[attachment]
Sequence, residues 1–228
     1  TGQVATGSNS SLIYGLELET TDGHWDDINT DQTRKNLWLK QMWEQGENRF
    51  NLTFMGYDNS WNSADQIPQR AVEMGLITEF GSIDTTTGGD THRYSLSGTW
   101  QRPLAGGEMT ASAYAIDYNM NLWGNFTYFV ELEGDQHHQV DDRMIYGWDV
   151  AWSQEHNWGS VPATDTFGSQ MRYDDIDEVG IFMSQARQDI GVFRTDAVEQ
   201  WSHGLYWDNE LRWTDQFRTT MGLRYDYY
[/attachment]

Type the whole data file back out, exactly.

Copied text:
Sequence, residues 1–228
     1  TGQVATGSNS SLIYGLELET TDGHWDDINT DQTRKNLWLK QMWEQGENRF
    51  NLTFMGYDNS WNSADQIPQR AVEMGLITEF GSIDTTTGGD THRYSLSGTW
   101  QRPLAGGEMT ASAYAIDYNM NLWGNFTYFV ELEGDQHHQV DDRMIYGWDV
   151  AWSQEHNWGS VPATDTFGSQ MRYDDIDEVG IFMSQARQDI GVFRTDAVEQ
   201  WSHGLYWDNE LRWTDQFRTT MGLRYDYY